I’ve been keenly following the many articles that have appeared across the web reporting details on the death of Osama Bin Laden, but I’m just not getting it. Now, I try not to be a conspiracy theorist, but there are so many holes in the official story released so far, that I had to confirm my suspicions. So I turned to Debka
Debka is a Jerusalem-based English and Hebrew language website that reports on military intelligence and security issues around the world, with a focus on the Middle East. Launched in 2000 by journalists Giora Shamis and Diane Shalem, Debka is unabashedly right wing and alarmist – any rumor regarding a threat against Israel or the West is reported in screaming headlines. Which makes it utterly compelling. Even if I don’t believe half of what I read, whenever a topic involving terrorism starts to trend, I open up Debka to get the inside scoop.
I turned to Debka this time because it seemed unfathomable that a three-story heavily fortified luxury villa could be built 100 meters from a Pakistani military academy in a small town that also houses a full military base, without the Pakistani authorities having any idea what was going on. It also makes no sense that the U.S. could operate for 11 hours at the Bin Laden mansion, much of it in full daylight, without the Pakistani military taking any action whatsoever. Didn’t a U.S. helicopter have to be blown up? Did Pakistan take no notice of a large explosion right under its collective nose? Either the Pakistanis are a sloppy amalgamation of amateurs (with nuclear weapons), or there’s more to the story (aiding and abetting the enemy springs to mind).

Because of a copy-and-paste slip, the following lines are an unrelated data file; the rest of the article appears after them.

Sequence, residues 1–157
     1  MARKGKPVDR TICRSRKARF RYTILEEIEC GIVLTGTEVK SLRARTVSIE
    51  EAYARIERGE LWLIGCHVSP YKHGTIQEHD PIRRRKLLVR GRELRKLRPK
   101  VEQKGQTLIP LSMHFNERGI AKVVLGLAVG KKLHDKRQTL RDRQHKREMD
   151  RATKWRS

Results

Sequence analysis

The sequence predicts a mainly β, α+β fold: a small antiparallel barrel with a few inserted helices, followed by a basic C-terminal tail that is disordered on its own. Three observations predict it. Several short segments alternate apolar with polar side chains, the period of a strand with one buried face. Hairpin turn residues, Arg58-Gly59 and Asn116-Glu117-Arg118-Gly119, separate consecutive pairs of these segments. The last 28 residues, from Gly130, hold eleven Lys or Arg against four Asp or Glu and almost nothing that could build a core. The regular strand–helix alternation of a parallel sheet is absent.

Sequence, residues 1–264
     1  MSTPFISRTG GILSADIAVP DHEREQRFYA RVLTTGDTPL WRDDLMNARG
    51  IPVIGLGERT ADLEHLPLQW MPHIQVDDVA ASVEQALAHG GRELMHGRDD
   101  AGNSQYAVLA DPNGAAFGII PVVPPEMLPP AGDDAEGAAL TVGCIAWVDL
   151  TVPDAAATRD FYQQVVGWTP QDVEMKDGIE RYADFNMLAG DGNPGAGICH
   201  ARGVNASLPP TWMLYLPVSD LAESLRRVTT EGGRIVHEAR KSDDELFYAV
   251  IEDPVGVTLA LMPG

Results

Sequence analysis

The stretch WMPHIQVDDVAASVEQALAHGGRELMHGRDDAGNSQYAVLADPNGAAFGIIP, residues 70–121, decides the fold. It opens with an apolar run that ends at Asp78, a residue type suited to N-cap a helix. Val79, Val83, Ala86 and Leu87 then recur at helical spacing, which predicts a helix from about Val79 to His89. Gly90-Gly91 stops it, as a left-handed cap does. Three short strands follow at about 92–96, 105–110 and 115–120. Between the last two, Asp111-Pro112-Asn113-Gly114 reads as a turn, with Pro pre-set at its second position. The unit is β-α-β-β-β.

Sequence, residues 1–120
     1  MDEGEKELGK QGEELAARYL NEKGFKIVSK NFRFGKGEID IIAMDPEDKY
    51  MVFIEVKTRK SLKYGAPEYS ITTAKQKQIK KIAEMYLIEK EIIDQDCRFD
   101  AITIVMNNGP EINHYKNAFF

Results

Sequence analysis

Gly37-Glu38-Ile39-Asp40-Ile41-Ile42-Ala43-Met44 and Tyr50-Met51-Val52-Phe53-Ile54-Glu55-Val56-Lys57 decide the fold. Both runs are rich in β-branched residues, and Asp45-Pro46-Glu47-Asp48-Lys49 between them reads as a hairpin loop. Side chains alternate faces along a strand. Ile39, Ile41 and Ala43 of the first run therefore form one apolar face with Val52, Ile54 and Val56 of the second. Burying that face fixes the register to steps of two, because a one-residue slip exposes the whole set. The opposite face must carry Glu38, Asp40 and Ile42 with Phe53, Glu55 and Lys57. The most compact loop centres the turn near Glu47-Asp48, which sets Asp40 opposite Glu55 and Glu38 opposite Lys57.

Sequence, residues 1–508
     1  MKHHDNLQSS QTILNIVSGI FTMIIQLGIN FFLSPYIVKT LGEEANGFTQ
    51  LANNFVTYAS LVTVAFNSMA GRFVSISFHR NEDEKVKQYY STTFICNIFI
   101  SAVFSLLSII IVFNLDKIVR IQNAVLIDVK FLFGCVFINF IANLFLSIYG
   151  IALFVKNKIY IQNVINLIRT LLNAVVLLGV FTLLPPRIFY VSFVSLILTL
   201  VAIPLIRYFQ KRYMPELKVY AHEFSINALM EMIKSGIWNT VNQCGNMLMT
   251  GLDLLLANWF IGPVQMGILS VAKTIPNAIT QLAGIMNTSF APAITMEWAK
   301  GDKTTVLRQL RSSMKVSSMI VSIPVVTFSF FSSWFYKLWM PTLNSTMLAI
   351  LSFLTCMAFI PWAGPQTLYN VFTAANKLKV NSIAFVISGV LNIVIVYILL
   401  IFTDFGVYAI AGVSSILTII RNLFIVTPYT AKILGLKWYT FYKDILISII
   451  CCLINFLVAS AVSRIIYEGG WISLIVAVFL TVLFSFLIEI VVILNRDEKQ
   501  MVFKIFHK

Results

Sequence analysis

As I was pontificating on my speculations around the dinner table the other night, Debka was reporting
these same questions…and more. The official U.S. report, for example, said that none of the computers in the house were connected to the Internet and there wasn’t even a phone inside. Debka claims that photos released show both a satellite dish on the roof as well as “cables and wires snaking along the outer and inner walls.”
Debka reported in 2007 a readership of 1.3 million and that 80% of its reports turn out to be true. Yediot Achronot reporter Ronen Bergman, on the other hand, said
that Israeli intelligence officials do not consider even 10% of the site’s content to be reliable.
Call me a conspiracist, but a lot of readers rely on Debka for their daily dose of inflammatory analysis, including me at times. I wonder what they have to say about the ongoing Obama “birther” controversy?